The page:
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Redyeing Carpet Bleach Stains

Bleach staining is one of the most common afflictions of carpets today. Whether it is drips down the hallway of a commercial building, or bright yellow stains near a clothes washing machine, its' effects have been universally felt.

Bleach Stains Bleach Stains
Large area bleach stains in commercial carpet are also repairable. As these job photos show, after repair work is completed, all that is then needed is a normal cleaning to remove adjacent traffic soling.
( Click on images for larger photos )

How much carpet do insurance claims adjusters replace yearly because of a few yellow spots? How often must a commercial cleaning service company replace carpet because an employee brought bleach into the building? How often does a home owner have to replace or live with carpet marred with that abhorrent staining? This chronic affliction probably costs millions of dollars a year for replacement -- needlessly!


Regardless of extant misconceptions, the majority of carpet bleach stains are usually correctable! As long as there is viable fiber, color can be re-introduced. If the fibers have not been degraded to the point of powdering, they can usually be redyed to blend into the entire carpet. Some believe that bleach destroys the dye sites of the fiber. This may be true to a degree. But to destroy all the sites would mean destroying the entire fiber. Nylon and wool, which constitute most carpets today, have dye sites throughout their entire construction. If there is any fiber at all, it is usually dyeable!

Large Bleach Stains
Even large bleach stains in off-white carpet are repairable. Carpet owners are usually amazed by the results.
Large Bleach Stains
( Click on images for larger photos )

There are various other fibers that comprise a small percentage of our carpets. They mostly include modified nylons, acrylics, polyesters and polyolefins. Color correctability of these are based upon the individual situation. There are procedures that have applicability to all of these fibers--even polypropylene! However, feasibility of color correction is unique to each situation.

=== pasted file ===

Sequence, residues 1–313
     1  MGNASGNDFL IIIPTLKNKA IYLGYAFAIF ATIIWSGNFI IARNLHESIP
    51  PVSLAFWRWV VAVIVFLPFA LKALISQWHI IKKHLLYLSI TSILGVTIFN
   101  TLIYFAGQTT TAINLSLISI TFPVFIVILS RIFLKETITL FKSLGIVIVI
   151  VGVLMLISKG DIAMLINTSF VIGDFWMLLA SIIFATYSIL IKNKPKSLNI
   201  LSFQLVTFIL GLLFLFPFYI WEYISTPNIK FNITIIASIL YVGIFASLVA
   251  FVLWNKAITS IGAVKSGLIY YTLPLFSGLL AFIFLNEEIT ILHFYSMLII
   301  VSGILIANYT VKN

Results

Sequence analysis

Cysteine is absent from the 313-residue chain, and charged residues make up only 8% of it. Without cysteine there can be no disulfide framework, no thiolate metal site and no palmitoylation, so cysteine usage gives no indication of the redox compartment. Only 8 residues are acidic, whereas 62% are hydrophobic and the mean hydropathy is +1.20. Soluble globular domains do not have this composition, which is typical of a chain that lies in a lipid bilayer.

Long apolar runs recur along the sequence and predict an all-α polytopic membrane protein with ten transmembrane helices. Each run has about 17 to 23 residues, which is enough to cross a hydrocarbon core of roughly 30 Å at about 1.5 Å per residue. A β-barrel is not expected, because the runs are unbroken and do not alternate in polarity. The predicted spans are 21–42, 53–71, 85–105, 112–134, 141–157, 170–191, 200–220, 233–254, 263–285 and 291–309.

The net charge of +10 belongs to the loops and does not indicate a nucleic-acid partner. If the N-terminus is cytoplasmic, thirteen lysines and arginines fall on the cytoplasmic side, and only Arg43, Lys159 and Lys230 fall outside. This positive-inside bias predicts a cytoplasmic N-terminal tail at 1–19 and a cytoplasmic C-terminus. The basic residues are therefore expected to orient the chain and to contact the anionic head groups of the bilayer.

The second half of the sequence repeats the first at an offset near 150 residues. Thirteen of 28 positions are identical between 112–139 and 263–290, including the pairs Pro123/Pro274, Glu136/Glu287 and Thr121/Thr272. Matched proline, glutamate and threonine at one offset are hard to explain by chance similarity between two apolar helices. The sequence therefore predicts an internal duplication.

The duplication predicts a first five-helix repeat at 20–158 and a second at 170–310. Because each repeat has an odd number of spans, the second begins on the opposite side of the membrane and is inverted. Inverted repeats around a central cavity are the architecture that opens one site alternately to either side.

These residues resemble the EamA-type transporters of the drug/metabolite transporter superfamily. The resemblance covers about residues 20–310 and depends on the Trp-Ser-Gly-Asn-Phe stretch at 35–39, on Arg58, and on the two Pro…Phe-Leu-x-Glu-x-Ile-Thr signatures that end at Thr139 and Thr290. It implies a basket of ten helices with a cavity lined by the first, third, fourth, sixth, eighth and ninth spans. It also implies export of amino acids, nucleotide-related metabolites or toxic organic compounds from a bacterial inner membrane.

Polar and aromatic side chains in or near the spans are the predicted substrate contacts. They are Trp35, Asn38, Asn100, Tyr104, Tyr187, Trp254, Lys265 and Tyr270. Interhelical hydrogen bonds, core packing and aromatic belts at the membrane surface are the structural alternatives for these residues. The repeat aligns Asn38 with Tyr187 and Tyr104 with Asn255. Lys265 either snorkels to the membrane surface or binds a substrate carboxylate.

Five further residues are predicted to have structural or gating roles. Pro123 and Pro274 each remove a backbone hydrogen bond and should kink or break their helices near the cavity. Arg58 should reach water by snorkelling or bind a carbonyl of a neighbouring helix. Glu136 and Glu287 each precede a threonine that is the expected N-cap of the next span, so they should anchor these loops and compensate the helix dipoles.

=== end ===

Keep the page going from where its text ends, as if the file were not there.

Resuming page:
The original color of the carpet is not a prohibiting factor in repair work. Any color, or pattern can be duplicated. Even color damage to off-white carpets is correctable. There is a misconception that color can limit correction--it is unfounded! This is not a factor that will prohibit repair work.

Often a question is asked as to the permanency of the correction. The material used is as permanent as in the original construction. The correctional dyes employed are the same dyes used by the mills. The only factor that can be a problem, is the completeness of the bleach neutralization process. All the bleach in the carpet must be neutralized! If it isn't, re-bleaching can occur. The amount of bleach and/or the newness of the bleach can be the determining factor as to the cost feasibility of correction.

Bleach Stains Bleach Stains
Bleach stain damage is a major problem for carpet. It is commonly believed that such is permanent and non-repairable. These actual job photos show that repair is possible.
( Click on images for larger photos )

The types of bleaches that cause the most problems are those containing chlorine. Usually, chlorine based household or swimming pool bleaches are the offenders. The peroxide bleaches, as in ache and other medications, are also a common problem (see our article).

Chlorine bleach will dissipate with time. The older the stain is, the easier it is to neutralize. Old stains, approximately one year or older, are rarely a problem. Some require very little neutralization. It is the fresh stains or large amounts of bleach that can pose a problem. They can require several neutralizations before dye work is applicable. In many cases, the newness of the stain (or the amount of bleach involved) will determine the repair costs.


The average cost for repairing bleach stains is usually a fraction of the cost of carpet replacement. Bleach drips down the length of a hallway, for example, may only cost a few hundred dollars compared to the thousands it would cost for replacement. Even the projectile pattern of a dropped open bottle of chlorine bleach, spewing over many square yards, may be repaired for a comparatively modest sum. But once again, because of the uniqueness of each color repair, the job itself determines the cost.

Color repair of carpet bleach stains is feasible. Before carpet replacement, this alternative should be considered. It is usually a fraction of the cost. It is far less disruptive; plus, it can achieve better results than piecing in new carpet.

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